When someone ends up talking a lot and goes on and on without pausing so much as to breathe, they have a problem. It's like they prefer delivering a soliloquy instead of having a conversation.

9. They break conversational boundaries.

Conversational narcissists often ignore or even violate the boundaries of others when there is a discussion occurring. They pry into personal matters, ask intrusive questions, or make unsolicited comments without considering the comfort or privacy of others.

Their focus is on satisfying their own curiosity or asserting their dominance, rather than respecting the boundaries and needs of the people they are conversing with.

10. They are terrible listeners.

Conversational narcissists may appear disinterested or distracted when others are speaking, and may also exhibit non-verbal cues that indicate a lack of engagement, such as checking their phone, looking around the room, or having an impatient demeanor.

They are waiting for their turn to speak rather than genuinely absorbing and understanding what others are saying. They constantly disregard the importance of active listening and valuing others' perspectives.

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How to Deal with a Conversational Narcissist

1. Set boundaries.

Establish and communicate your boundaries regarding the behavior you find problematic. Calmly and assertively express your need for equal participation, active listening, and mutual respect.

Let the narcissist know that their dominating or self-centered behavior is not acceptable to you. Setting boundaries may not stop the conversational narcissist from trying to overpower the topic at hand, but it does give you a reason to stand up to them.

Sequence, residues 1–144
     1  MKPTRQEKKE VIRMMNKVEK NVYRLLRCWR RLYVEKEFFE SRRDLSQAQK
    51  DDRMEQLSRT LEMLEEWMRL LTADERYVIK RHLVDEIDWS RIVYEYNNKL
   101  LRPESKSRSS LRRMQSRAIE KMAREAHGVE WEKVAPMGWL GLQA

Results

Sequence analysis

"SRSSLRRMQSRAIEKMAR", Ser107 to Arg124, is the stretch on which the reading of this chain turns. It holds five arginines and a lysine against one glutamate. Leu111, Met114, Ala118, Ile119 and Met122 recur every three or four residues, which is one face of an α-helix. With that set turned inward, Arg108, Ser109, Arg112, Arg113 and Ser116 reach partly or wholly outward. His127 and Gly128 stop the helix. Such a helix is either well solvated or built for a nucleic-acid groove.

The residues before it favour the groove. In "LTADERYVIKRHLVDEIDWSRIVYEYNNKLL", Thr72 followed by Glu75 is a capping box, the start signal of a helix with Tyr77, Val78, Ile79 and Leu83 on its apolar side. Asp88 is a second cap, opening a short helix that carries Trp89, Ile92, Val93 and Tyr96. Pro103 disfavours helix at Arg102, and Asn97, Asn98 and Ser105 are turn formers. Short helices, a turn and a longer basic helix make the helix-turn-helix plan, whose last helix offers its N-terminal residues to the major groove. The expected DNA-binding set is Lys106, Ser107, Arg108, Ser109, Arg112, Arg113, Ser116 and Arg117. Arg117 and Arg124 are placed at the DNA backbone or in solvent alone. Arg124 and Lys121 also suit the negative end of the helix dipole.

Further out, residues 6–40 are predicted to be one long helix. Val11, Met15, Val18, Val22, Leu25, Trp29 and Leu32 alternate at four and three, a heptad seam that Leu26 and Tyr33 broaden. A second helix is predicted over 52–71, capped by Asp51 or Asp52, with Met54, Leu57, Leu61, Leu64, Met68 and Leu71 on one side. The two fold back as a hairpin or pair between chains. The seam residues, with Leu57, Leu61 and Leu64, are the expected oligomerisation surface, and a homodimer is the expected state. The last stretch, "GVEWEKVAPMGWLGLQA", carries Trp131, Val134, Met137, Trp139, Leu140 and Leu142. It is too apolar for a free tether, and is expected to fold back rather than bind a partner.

2. Redirect the conversation.

When the conversational narcissist attempts to steer the conversation solely towards themselves, redirect it back to a more balanced discussion. Politely interject and ask for input from others or introduce a new topic that involves different participants.

By actively involving others, you can dilute the narcissist's control and encourage a more inclusive dialogue. Think of this as if you're engaging in a conversational war and you need all the allies you can get.

3. Limit your engagement.

Recognize that you cannot change the behavior of a conversational narcissist. If the situation becomes constantly draining or toxic, think about limiting your engagement with the individual.

You can choose to avoid or minimize interactions with them, particularly in settings where their behavior is more prevalent or disruptive.

4. Practice assertive communication.

Use assertive communication techniques to express your thoughts, feelings, and needs clearly and confidently. Avoid becoming defensive or engaging in arguments.

Instead, state your perspective, redirect the conversation if necessary, and reinforce the importance of balanced participation and respectful dialogue.

In the end, the best (and most satisfying) kinds of conversation are those where neither party seeks to monopolize them, and there's give and take with the natural flow of ideas — where you're interested in what the other person is saying, not just feigning interest until it's your turn to speak.

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Christine Schoenwald is a writer, performer, and frequent contributor to YourTango. She's had articles featured in The Los Angeles Times, Salon, Bustle, Medium, Huffington Post, Business Insider, and Woman's Day, among many others.